36 hours or so have passed since I got my mitts on the new "DreadBall" board game and I thought a few comments were in order.
What is DreadBall?
It's a game. A boardgame. A game using miniatures, a board, dice, cards and counters.
It's fun, fast and quite easy to pick up.
It's a sports game:
DreadBall is the most popular sport ever devised, and the revenues it generates are vast. Corporations fall over each other to sponsor new teams and ever more splendid new arenas, knowing that their investments will return many times over. Teams pay huge sums for new players, hiring exotic aliens and even former enemies to liven the spectacle and amuse the fans.
Oh, and it's not BloodBowl
. (See -->here
<-- for why.)
Yeah, pretty good. I've had only a couple of niggles, which isn't too bad.
Niggles first, I found the Veer-Myn models excruciatingly hard to get to glue together - most especially the arms on the oddly-posed crouched Strikers - but as all the other three teams (Humans, Orx & Goblins, Forgefathers) were a doddle, I can forgive it. I also found the absence of a statement of what constitutes a successful Pass action distracting... but I imagine it's simply a one success requirement. Finally, I wish my acrylic counters were actually in red and white, like the pic on the Mantic sales site, instead of all being see through acrylic which is hard to differentiate.
Niggles aside, the game is nicely made and well-presented. As a Kickstarter supporter, I have a few extras straight-away - like the acrylic counters, two extra teams and loads of Most Valuable Player (MVP) models. The board is sturdy and the models quite nicely sculpted (excepting those odd Veer-Myn Strikers with the low pose). The book is very clearly written and quite easy to follow.
How's It Play?
Well, I've had a quick solo run-through. I hope to persuade the Missus to play a game over the next day or two, but until I can run it with another human (like at the school club on Tuesday), a solo report will have to do. Sad, eh?
It plays well. Quick, clear and easy to learn.
I like the way the score fluctuates up and down between the players on a spectrum from 7 to zero to 7. I like the fact that many actions require opposed dice rolls which would (in a non-solo situation) involve both players all through each person's turn (called a "Rush"). I like the totally different feel of the game as a futuristic sporting event, not a clone or adaptation of an existing sport.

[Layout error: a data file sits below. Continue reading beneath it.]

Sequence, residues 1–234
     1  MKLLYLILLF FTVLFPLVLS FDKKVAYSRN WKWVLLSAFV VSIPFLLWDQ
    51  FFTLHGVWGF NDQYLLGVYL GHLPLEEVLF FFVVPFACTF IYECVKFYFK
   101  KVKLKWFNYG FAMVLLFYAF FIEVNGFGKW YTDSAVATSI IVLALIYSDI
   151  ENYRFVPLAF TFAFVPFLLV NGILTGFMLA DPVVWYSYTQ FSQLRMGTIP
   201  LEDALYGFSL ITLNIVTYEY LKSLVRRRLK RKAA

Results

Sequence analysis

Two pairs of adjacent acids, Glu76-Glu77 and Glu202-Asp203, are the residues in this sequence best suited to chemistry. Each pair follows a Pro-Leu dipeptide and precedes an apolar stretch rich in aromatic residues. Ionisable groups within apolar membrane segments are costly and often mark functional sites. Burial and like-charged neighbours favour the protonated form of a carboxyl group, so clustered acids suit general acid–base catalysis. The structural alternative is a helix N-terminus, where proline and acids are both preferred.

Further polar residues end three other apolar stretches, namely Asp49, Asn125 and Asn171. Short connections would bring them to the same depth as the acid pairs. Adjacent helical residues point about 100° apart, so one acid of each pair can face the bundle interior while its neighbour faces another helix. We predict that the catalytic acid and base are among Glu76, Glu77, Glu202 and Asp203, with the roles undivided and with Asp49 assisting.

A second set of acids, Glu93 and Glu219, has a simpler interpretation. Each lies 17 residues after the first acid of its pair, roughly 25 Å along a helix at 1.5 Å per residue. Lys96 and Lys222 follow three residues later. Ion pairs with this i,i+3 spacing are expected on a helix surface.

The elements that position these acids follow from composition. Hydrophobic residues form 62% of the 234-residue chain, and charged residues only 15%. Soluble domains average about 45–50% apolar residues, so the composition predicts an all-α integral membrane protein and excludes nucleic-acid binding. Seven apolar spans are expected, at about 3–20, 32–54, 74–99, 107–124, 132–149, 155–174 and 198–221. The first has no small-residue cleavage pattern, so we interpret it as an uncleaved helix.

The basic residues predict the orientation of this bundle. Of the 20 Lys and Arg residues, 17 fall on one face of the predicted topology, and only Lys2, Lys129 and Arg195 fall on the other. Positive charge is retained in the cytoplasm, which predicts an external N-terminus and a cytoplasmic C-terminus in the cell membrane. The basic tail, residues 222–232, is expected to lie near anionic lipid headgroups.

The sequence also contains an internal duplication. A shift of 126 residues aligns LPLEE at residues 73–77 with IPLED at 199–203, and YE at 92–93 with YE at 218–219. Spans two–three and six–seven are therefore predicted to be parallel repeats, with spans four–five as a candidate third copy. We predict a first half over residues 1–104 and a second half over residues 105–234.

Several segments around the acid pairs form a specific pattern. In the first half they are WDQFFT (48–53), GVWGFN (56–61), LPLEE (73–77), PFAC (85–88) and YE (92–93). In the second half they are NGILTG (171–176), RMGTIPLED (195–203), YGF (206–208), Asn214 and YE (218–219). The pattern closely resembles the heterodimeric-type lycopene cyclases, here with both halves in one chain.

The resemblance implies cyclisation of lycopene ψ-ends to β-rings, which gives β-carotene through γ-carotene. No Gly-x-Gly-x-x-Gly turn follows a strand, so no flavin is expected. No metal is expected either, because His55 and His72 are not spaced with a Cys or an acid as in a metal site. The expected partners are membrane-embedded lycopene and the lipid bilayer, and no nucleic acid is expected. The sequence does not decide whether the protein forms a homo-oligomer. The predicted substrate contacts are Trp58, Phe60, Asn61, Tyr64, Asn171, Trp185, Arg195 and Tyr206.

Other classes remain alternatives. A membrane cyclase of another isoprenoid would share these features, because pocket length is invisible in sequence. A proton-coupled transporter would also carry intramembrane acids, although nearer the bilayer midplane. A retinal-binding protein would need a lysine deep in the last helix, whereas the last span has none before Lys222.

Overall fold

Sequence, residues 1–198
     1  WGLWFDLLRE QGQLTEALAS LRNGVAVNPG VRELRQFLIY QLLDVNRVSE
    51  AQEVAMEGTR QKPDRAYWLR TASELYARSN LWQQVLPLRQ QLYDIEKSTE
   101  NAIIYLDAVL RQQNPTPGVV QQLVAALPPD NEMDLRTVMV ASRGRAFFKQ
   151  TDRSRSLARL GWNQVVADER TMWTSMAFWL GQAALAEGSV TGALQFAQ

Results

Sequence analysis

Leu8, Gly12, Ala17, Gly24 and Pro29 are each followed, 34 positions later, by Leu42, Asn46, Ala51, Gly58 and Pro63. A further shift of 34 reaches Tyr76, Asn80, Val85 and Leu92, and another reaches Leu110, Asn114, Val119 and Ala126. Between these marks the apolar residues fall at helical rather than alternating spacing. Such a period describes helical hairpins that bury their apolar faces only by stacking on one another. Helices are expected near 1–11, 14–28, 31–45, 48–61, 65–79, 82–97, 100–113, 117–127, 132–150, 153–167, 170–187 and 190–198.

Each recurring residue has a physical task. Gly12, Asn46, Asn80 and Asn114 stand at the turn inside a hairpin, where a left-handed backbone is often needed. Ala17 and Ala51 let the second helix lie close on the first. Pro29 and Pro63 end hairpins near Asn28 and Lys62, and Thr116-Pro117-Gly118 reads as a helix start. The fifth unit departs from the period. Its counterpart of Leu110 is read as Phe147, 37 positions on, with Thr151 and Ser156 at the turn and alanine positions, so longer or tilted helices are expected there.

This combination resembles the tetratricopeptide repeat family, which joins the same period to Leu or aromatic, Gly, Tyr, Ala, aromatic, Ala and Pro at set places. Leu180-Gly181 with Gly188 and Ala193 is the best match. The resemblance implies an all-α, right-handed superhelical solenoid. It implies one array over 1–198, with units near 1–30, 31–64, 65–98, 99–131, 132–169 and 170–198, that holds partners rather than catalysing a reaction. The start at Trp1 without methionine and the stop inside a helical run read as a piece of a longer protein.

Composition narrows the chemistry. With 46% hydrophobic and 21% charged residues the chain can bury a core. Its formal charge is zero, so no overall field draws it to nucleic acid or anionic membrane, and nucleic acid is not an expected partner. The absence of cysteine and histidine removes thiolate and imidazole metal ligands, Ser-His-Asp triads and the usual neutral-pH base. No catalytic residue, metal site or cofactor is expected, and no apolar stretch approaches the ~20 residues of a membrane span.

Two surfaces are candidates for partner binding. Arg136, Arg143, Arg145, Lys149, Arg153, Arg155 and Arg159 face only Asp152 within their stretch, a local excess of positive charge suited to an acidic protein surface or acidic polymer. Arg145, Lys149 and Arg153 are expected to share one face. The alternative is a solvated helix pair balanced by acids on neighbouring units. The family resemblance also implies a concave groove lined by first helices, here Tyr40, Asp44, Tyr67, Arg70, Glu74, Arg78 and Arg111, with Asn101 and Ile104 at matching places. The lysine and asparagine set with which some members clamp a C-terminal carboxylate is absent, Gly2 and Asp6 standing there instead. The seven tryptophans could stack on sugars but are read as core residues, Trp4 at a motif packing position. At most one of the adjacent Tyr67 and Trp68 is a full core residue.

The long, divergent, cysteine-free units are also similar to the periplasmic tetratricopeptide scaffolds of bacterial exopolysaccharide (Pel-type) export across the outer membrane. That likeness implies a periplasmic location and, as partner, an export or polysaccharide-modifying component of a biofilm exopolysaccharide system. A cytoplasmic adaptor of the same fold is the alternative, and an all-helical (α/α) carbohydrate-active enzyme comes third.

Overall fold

The card deck is a big plus. It adds lots to the game and covers a lot of mechanics with the flip of a card. Wanna move the Ref? Flip a card, read the top-left number for how many hexes. Making a Fan Check? Flip a card, read the bottom line for the Cheers. Need a random Player as a target? Flip a card, read the right-hand line of numbers to select the unfortunate sportsperson.
It's easy to memorise your team stats. It's easy to remember the basic rules. It seems quite well-balanced despite some seriously different teams.
There are MVPs, rules for leagues and all that jazz. I can see me running a league at school for the kids. They just need a team and a roster sheet. With teams retailing at £14.99 each (8 players), it's a snap to get them into the game... assuming they like it.
I am just itching to play a game, to be honest. A real game. You know, versus a human.
That'll be the proof of the pudding: can I get other players to try it?
Barriers are the mental assumptions people make, like "oh, it's just a BloodBowl clone, right?" Wrong!
DreadBall is a cool, unique game and I am itching to play it.
Labels: boardgame, review